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Woman assaulted, man spooked: More security concerns on Springwater Corridor

Posted by on August 7th, 2012 at 1:30 pm

“I have lived in Portland a long time, been down plenty of pretty sketchy roads and this was the first time I was concerned about getting mugged.”
— Duncan Newberry

What can we do to improve safety and security for people who ride on the eastern reaches of the Springwater Corridor?

Back in October I shared the experiences of several people who said riding on the Springwater in the area around (and east of) SE 82nd Ave at night makes them feel unsafe. “I never take it when it’s dark… It’s really dicey back there and I definitely don’t feel safe,” said one person. “This is unacceptable!” and “This has to stop!” said others.

It’s a question I ask again today because of two more incidents that have come across my desk this week.

Last night, Portland Bike Forums user randy5235 posted that his wife had been pushed off her bike while riding on the Springwater:

“My wife was pushed off of her bike on spring water east of Powell butte. around 8:30 PM 8/6/12. Thought the community should know. She was not robbed. She got back on her bike and rode off. Two white males in t-shirts and jeans.”

randy5235 says his wife suffered a bit of road rash but was not seriously injured. They have filed a report with the police.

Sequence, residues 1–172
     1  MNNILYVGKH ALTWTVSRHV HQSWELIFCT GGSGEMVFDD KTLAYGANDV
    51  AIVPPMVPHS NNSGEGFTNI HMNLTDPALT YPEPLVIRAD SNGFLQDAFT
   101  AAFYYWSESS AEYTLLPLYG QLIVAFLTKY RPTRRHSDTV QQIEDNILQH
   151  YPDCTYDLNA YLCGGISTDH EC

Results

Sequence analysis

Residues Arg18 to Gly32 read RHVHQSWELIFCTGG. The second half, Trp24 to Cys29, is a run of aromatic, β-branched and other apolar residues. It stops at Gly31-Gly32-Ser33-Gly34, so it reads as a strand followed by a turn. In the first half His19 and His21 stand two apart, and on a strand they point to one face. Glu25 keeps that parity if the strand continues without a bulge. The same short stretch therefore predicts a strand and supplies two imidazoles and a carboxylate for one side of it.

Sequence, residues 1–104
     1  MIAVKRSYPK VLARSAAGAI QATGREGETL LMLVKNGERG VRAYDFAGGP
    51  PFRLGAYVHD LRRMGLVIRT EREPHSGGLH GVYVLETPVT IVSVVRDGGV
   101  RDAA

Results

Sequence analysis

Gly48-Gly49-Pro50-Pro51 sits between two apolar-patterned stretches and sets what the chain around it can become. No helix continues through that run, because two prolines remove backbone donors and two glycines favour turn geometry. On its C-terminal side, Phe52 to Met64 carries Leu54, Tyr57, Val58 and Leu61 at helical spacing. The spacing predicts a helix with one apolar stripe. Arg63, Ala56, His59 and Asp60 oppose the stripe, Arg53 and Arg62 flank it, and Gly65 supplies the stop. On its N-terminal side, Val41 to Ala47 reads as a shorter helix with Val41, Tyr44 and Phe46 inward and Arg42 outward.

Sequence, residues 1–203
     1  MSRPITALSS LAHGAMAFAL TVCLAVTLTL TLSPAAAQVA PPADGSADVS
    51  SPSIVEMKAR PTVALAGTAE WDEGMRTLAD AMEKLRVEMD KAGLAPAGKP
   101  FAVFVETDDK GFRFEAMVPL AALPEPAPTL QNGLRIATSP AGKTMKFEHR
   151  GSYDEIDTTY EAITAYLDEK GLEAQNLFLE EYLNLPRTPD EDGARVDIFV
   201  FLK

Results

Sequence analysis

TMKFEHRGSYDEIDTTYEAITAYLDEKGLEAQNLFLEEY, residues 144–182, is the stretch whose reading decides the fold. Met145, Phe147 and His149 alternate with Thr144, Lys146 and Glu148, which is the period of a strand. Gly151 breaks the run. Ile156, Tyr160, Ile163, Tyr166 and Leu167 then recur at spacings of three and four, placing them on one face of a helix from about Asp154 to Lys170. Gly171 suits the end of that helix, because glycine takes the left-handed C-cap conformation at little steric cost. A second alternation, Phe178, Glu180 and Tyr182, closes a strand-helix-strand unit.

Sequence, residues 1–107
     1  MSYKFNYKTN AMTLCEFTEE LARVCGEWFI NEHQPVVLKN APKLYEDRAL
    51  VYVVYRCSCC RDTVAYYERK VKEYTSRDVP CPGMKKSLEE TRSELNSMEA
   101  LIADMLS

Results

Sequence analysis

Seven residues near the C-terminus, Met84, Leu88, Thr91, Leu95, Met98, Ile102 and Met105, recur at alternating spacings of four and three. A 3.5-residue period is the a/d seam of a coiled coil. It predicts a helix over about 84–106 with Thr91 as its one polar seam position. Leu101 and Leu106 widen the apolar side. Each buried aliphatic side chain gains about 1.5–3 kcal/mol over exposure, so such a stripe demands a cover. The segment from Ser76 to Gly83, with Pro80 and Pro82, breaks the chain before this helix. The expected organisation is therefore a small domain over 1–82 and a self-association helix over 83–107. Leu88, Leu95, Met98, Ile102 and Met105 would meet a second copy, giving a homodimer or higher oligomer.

And already in my inbox from a few days ago was an “odd series of events” shared by reader Duncan Newberry who bikes home from work on the Springwater from SE 122nd to Sellwood (before turning south to Milwaukie):

“Three different times on the way home I had people who were hanging out (drinking and smoking mostly) tell me to slow down… I was going no more than 13-15 MPH with lights and all. The last time there were a bunch of people at least one whiskey bottle and they were all over the path standing chatting. Given I was alone, outnumbered by people who were already yelling before I got there (I heard them blocks away) I decided to proceed with all due haste through the party.

They were fairly pissed (both in general and at me) but I have to wonder what they were thinking — no one is going to want to slow down for a bunch of drunk people on an unlit pathway at night. I started wondering if something else was going on. Is saying “slow down” a way to advertise drugs? Or do they really think its OK to just hang out on a dark path dressed in black and drinking and everyone should stop so that they won’t hit them? I have to say I have lived in Portland a long time, been down plenty of pretty sketchy roads and this was the first time I was concerned about getting mugged.”